I’m sure it’s a pretty ordinary thing for songwriters to sit around on their holidays and write more songs. Creative types can’t get by without creating – and so drawers sketch on the bus, writers jot ideas while sitting in the doctor’s office. It should be no surprise, then, that the inexhaustible Darren Hayman devised a whole album by himself while visiting some friends in Florence; indeed, on the day that I typed this paragraph, he was out in Kent recording his favourite train for a 7-inch. But this little sketchbook isn’t guided by any overarching concept, nor gilded with strings or choirs. Hayman hasn’t breached new territory, but when he’s this relaxed and self-assured in his selfless devotion to women, one can’t help but be comforted.
As a whole, Florence drifts at a sleepy pace – but a good sleepy, more a lullaby than a dirge. And though he keeps it simple, Haymen still plays with a range of textures. Sometimes, like on 'Post Office Girl', a rock-a-bye drum machine taps the time with glee; sometimes a ukulele traipses around the melody, like on 'Find Me And Hide Me'; and then there’s the lovely Paul Simon-esque finger picking, like in 'On the Outside'. Each style suits the context, particularly on 'Post Office Girl', where Hayman devises to record a song for the woman who handles his mail. His naïve mission statement – to get that record in her hands, even if she’ll never hear or even own it - resonates with the goofy NES blips. And geez, does it just feel great to hear someone supposedly more grown-up than me confess his awkward ways of showing affection.
The stories come in with a soft focus, on no one and everyone. You often feel as if Haymen’s just chatting with an old gal pal over coffee, like on the cheery 'Break Up With Him' and 'Didn’t I Say Don’t Fall In Love With Him'. The latter actually comes the closest to the old Hefner days, with the chug-chug rhythm, and the gentle drooping guitars. The album even opens as if Hayman’s directing a friend inside: “Use the big key on the big wood door / well, not the biggest, but the slightly smaller”. Turns out, it’s a song devoted to nuns, entitled 'Nuns Run The Apothecary'. What a gent.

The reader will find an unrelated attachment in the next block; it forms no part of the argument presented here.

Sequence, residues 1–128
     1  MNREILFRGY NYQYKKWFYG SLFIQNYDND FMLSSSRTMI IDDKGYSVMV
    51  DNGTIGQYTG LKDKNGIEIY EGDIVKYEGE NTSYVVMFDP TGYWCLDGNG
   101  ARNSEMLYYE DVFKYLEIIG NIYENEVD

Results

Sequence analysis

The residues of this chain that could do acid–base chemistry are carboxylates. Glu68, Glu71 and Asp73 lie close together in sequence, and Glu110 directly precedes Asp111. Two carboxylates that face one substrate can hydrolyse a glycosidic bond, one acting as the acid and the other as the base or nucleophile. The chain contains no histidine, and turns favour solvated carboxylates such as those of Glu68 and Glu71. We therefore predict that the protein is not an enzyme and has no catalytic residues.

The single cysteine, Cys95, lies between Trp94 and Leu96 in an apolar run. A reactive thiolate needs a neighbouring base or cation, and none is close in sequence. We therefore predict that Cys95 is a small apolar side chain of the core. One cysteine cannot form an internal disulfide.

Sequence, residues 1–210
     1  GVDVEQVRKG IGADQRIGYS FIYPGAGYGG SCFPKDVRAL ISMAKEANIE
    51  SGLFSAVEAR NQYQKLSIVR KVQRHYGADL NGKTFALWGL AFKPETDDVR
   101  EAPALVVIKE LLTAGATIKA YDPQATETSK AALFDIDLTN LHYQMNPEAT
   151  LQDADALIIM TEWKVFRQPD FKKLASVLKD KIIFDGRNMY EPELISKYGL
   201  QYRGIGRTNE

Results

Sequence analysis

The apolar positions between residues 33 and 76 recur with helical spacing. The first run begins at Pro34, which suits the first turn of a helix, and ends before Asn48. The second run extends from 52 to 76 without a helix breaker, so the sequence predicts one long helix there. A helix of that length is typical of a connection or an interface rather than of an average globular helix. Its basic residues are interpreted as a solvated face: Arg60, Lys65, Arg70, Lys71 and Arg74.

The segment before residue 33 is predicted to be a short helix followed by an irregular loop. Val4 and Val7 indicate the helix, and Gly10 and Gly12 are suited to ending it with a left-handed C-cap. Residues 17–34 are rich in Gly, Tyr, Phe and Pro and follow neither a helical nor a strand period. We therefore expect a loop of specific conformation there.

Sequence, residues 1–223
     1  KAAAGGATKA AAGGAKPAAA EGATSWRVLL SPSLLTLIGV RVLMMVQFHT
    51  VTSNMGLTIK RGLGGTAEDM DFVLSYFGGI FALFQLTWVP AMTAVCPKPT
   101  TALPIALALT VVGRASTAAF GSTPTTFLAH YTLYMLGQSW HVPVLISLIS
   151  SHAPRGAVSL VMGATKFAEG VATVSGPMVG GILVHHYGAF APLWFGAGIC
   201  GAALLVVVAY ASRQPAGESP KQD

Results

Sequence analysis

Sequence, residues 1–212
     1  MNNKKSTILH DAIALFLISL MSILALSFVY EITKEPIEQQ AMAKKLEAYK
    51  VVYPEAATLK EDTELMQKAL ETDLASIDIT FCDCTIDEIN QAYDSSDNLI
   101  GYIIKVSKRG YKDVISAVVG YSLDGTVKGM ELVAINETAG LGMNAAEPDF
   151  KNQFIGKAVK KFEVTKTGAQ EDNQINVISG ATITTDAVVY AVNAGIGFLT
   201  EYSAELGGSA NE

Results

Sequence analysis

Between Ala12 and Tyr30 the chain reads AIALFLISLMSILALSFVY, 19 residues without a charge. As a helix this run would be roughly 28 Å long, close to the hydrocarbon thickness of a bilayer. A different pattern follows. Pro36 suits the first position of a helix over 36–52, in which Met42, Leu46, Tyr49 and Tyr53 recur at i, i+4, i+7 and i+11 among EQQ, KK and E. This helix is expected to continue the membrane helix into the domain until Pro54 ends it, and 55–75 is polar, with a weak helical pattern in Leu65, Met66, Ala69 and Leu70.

Most of Florence dances lightly on the sunny side of the room – but 'Safe Fall' balances that. The picture comes in focus, and we encounter someone who’s letting her red hair dye fade and her nail paint chip, someone who’s throwing herself to the night and losing control. What’s lovely – apart from more quiet finger-picking, of course - is that Hayman doesn’t judge or condemn her, only sends his warmest concern: 'pray that she lands gently / I won’t be there'. Sentiments like that envelop Florence with a soft glow – which, again, is no big deal for Hayman, as he exudes this aura with all the natural ease of breathing air.
The best moment on the album, however, might be the one where Hayman says nothing at all. I refer to the closer, 'The English Church', the one song that captures the breeze from the Mediterranean Sea and the bells of the old world. You can imagine two old friends waking at sunrise and looking out over the plaza, or maybe walking down to the Basilica at sunset and pausing to admire the view. It’s just what the whole album’s about – finding grace in the prosaic, granting peace and grace to those that need it.
Thus, Florence isn’t Hayman’s most ambitious or thrilling work ever, but it’s not supposed to be. A moment’s rest can work wonders on a tired soul. The number below is just a number, an objective assessment that demands me to juxtapose this with other 7s, 8s, and the rest of Hayman’s work. That doesn’t mean you couldn’t fall in love with this album, or at the very least fall into a lovely chat with it and feel a little less lonely for an evening.
7Lee Adcock's Score